Monday, June 11, 2007

Getting Away

Rose Garden at Morris Arboretum Yesterday, we made a trip to a nearby arboretum. We went primarily to entertain my father-in-law and the kids. As we rounded the corner and the rose garden came into view, I found myself exclaiming at the beauty of it. I have never been much of a nature person. I appreciate it and want to protect it, but I'm not going on hikes every weekend or camping out whenever possible. Instead, I've gravitated toward nature tamed, in gardens large and small. Every major city I've visited, I've sought out the botanical gardens. I marvel at the order people are able to bring to what should be a chaotic growth of plants.

Railroad crossing There was such an expanse of plants and trees and sculpture, we were constantly stopping to look at different things, pointing out certain types of trees or flowers or ferns. In doing so, I was able to forget everything else that was going on. For a few hours, there was nothing in my head except deciding which way to go down the path and reading guides to plants and sculptures. It's been a very long time since that's happened. Almost always, something is looming in the back of my mind, trying to push forward through my attempts at relaxation. I'm reminded that I need to do more of this, that I need to get away from reminders of my anxieties. Too often, I am in places where thoughts of tasks to be completed are easily brought to mind. The arboretum was fully foreign to me. I'd never been there. There was no one I knew there to remind me of work. I need to seek out more places like this. I also enjoyed the relative quiet of the whole place and the smells of flowers and rotting wood. Mr. Geeky and both lamented that we didn't live among that kind of lushness anymore. Here, it's unaffordable or too far from work and school. We agreed that we might think about finding such a place later in our lives.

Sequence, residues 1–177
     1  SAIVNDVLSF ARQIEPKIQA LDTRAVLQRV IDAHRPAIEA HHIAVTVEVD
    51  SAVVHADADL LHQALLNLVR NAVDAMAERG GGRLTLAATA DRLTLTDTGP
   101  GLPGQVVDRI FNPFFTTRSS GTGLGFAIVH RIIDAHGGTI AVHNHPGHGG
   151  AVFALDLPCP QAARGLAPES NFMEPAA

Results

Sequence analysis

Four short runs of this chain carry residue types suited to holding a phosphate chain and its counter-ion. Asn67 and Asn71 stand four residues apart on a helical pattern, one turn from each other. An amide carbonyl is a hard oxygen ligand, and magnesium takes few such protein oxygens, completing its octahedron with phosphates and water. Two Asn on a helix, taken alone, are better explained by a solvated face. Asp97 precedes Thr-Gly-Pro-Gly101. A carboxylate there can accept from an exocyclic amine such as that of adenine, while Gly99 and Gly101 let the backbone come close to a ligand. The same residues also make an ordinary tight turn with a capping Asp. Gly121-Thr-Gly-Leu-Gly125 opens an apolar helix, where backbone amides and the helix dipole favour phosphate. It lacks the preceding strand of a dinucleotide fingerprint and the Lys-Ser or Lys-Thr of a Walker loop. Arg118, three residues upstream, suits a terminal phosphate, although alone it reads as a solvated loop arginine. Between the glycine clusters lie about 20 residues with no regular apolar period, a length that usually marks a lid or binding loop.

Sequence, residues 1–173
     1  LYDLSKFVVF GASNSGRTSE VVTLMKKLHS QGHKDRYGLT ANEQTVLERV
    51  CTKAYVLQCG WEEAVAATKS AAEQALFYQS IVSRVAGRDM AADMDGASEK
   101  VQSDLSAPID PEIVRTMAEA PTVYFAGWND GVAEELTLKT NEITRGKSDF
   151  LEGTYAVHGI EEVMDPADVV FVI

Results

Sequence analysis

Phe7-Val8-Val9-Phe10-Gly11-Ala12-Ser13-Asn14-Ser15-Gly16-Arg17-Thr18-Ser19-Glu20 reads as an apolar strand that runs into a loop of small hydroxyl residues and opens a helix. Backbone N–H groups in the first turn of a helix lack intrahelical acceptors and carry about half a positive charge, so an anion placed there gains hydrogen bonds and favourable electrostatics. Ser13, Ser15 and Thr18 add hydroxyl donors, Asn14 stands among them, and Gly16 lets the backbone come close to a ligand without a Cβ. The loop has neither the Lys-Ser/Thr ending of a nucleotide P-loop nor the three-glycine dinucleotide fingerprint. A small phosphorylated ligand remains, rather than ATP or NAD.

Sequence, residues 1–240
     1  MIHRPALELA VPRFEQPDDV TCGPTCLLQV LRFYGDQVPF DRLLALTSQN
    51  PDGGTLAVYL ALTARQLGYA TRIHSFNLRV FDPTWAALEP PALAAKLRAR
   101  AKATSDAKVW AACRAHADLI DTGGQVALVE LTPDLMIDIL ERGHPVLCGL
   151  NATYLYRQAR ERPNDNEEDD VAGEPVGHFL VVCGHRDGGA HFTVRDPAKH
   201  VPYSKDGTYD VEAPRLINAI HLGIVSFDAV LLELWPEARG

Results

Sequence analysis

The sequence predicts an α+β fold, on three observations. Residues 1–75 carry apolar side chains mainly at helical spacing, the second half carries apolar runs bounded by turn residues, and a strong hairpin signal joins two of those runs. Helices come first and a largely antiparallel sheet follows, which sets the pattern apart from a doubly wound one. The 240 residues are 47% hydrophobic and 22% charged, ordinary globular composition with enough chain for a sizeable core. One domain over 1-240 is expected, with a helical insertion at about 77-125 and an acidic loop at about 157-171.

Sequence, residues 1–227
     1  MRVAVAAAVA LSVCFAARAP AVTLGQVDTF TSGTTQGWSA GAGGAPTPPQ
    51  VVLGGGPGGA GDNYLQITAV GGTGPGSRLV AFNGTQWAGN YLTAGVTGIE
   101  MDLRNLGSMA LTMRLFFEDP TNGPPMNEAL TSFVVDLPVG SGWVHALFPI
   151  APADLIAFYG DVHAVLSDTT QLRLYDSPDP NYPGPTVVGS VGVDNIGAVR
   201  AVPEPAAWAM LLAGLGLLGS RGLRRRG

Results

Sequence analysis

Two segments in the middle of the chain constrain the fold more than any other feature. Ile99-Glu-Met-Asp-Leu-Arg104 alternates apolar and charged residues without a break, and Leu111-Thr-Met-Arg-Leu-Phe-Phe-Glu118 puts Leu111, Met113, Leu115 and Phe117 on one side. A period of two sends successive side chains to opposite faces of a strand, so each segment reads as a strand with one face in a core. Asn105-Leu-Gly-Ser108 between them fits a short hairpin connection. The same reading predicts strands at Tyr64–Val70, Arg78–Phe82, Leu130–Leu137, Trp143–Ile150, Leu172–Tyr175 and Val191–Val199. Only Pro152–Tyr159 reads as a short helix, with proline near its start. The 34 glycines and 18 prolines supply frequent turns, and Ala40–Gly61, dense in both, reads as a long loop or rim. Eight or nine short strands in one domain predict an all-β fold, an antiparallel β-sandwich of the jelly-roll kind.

Pink flowersI think often, when I visit gardens, about the fleeting nature of life as depicted in the poems of the carpe diem poets. How apt was their comparison of our lives to those of flowers, whose blooms are so brief. I was lucky to catch many flowers in bloom, but already some flowers were past their prime and in a few weeks, more will be. By the end of the summer, a rare few will bloom in fall. Most will be withered and the leaves will fall, preparing the soil to start over again next year.